If the user operates the mouse with the right hand and activates the right selection actuator 40, then signal C is high and signal D is low. Then the two inputs to AND gate 80 are high and thereby signals K and E are high. Therefore, the high signal C from the right selection actuator 40 becomes the high signal on right selection actuator output 92. In summary, if the user is operating the mouse with the right hand and the right selection actuator 40 is activated, then the control circuit leaves the operation of the selection actuators unchanged such that the high signal of the right selection actuator 40 becomes a high signal of right selection actuator output 92.

The schematic diagram in FIG. 8 is an embodiment of the control circuit with a first sensor 42, a second sensor 44, and a configuration circuit 46. The invention, in this embodiment of FIG. 8, directly detects a thumb or finger, by first sensor 42 or second sensor 44, and once that thumb or finger is sensed by a particular sensor, the configuration circuit 46 operates to configure the selection actuators. So, for purposes of discussion only, first sensor 42 will be referred to as the left-handed thumb sensor 42, and the second sensor 44 will be referred to as the right-handed thumb sensor 44, but the terms "first sensor" and "second sensor" in the claims is not limited to a particular side of the computer input device.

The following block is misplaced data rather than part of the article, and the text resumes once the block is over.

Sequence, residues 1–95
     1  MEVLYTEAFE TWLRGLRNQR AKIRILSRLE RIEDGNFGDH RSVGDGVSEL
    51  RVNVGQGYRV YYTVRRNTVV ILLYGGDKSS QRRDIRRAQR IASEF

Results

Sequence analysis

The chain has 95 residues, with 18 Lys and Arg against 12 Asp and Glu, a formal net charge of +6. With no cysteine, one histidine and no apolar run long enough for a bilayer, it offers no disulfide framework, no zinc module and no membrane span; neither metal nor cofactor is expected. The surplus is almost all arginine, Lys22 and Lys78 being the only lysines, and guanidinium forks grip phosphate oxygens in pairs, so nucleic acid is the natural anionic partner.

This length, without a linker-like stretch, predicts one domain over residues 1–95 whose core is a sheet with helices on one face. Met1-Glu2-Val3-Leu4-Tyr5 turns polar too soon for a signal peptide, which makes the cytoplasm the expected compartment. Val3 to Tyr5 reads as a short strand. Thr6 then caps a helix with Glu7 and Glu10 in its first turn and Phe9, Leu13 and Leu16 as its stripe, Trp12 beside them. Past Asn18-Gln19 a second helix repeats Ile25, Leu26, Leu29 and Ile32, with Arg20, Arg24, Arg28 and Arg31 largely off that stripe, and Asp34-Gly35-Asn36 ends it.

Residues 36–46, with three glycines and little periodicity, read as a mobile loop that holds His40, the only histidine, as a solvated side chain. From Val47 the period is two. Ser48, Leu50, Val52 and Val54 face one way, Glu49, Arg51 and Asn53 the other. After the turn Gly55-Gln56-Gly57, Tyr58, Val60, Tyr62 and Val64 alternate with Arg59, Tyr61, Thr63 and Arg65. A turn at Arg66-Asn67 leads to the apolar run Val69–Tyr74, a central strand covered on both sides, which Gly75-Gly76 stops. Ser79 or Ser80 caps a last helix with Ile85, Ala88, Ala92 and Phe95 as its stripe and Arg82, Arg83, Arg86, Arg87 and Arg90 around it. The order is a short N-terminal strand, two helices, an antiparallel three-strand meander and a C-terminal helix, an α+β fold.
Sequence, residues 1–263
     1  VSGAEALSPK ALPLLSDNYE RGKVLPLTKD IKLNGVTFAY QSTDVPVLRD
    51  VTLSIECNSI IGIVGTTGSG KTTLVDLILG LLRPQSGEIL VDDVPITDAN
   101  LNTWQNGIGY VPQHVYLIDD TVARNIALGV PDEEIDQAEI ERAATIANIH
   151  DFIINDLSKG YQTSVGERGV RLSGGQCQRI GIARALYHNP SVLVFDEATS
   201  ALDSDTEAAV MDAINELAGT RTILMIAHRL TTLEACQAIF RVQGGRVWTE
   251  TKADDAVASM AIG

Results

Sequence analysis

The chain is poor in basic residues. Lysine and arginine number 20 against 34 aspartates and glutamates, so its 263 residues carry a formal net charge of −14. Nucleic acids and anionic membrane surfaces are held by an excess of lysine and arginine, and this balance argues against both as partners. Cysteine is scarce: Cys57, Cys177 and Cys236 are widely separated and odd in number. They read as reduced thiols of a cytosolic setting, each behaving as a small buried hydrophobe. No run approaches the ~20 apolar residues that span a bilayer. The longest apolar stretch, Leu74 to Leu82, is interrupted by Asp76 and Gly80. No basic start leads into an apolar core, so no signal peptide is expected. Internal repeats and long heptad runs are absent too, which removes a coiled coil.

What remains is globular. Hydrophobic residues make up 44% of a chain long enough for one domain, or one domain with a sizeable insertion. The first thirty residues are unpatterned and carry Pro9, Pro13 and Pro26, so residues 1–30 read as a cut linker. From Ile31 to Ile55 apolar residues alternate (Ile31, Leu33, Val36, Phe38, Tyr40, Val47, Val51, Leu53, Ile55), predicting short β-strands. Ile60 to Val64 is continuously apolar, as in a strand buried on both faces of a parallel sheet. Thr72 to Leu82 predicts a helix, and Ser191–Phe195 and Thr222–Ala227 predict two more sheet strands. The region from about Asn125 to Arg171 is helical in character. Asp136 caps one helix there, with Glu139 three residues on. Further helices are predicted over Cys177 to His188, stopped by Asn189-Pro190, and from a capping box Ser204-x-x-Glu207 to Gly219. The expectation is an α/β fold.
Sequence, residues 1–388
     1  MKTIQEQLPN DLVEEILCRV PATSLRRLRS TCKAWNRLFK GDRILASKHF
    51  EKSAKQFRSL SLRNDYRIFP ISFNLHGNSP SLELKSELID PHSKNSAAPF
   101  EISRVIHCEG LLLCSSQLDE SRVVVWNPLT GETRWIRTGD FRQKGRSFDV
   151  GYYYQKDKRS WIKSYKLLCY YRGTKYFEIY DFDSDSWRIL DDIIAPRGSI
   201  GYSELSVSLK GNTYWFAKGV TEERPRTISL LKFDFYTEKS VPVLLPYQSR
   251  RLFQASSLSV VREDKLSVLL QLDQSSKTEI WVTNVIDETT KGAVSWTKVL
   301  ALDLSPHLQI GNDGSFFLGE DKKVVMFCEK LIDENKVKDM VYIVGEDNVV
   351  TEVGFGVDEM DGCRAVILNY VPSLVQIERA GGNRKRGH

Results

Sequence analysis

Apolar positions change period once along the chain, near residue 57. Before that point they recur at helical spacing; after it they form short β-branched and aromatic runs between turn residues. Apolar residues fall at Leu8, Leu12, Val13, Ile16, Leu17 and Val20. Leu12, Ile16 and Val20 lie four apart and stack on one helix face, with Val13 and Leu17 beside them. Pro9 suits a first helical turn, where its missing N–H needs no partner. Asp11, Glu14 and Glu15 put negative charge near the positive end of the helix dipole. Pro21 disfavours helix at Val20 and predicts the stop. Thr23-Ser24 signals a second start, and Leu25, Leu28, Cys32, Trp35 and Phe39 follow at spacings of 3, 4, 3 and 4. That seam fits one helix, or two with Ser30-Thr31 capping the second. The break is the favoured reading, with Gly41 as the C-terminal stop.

Four possibilities with respect to the right-handed thumb sensor 44 and the left-handed thumb sensor 42 exist: (1) only the left-handed thumb sensor 42 is activated; (2) only the right-handed thumb sensor 44 is activated; (3) both the left- and right-handed thumb sensors 42, 44 are activated; or (4) neither the left- nor right-handed thumb sensor 42, 44 is activated.

Starting with the first scenario, when only the left-handed thumb sensor 42 is activated, the signal D is high and the signal L is low. If only the left selection actuator 36 is activated, the signal A is high. Because only one of signals D and L are high, the output of the exclusive OR gate 98, signal M, is high. Signal M and signal D, both high, are fed into AND gate 100, resulting in a high signal O. The high signal O and the high signal A are input into the AND gate 106, resulting in a high signal S and, therefore, a high signal U. The end result is that, when the operator is operating the mouse with the left hand and the left selection actuator is activated, then the high signal A from the left selection actuator 36 becomes the high signal U, which is the same as the right selection actuator output 92.

If the right selection actuator 40 is activated in conjunction with activation of the left-handed thumb sensor 42, then signal C is high.

Signal O and signal C, which are both high, are input into AND gate 112.